The Public Overwhelmingly Reject Minimum Alcohol Pricing Too

by Dick Puddlecote

The Public Overwhelmingly Reject Minimum Alcohol Pricing Too While the faux outrage about some irrelevant strategy consultant for the Tories still rumbles on, the Home Office released its report on the Alcohol Strategy consultation today, hence more reports about how minimum alcohol pricing has been scrapped … which we already knew from last week.

Some of you may remember an article here going through the consultation questions at the time, and many of you took part in the exercise. It panned out quite nicely, so time for more happy graphs.

The Home Office received 1,145 answers to the silly question as to whether minimum pricing is a good idea, and the majority again rejected a nanny state initiative by a comfortable margin.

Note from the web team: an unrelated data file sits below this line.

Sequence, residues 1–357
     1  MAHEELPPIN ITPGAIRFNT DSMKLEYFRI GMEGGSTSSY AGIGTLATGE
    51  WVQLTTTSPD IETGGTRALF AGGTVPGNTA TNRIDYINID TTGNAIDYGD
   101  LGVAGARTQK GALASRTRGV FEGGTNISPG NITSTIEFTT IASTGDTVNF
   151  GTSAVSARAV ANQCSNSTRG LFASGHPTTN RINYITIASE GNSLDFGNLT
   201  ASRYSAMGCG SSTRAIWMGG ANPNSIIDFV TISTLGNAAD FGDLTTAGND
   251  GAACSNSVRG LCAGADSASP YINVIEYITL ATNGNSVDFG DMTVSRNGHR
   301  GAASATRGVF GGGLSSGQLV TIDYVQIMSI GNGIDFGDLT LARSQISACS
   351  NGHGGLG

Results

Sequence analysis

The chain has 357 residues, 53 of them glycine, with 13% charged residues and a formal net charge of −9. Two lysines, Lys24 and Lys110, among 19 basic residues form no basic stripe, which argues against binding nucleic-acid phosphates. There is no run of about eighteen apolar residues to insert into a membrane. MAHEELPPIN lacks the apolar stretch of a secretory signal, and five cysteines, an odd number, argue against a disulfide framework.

And if you thought 56% against and only 34% in favour was a good result, wait till you see the pie once business organisations, NGOs and other assorted vested interests were stripped out.

Responses from ordinary members of the public – such as we jewel robbers, for example – opposed minimum pricing by a factor of three to one!


Now that’s what I call a real thrashing!

Perhaps Labour should re-consider nailing their colours to this wrecked mast, for two reasons. Firstly, it is indisputable that the policy would have harmed those with less money – that’s what regressive laws do, and Labour so hate regressive laws, don’t they – and, secondly, just look at those numbers!

Are they really prepared to go to the country advocating a Soviet style price fixing policy which three quarters of the public oppose?

Good luck with that whole biting voters’ hands thang, comrades, but today should really be the last we see of the abomination.

2 responses to “The Public Overwhelmingly Reject Minimum Alcohol Pricing Too

  1. Good – only one in four ordinary people are raving bonkers.

    Sadly governments tend to represent minorities of (bonkers) people, not the majority of people who are fairly sane.

    “Public Choice” economics tries to explain why.

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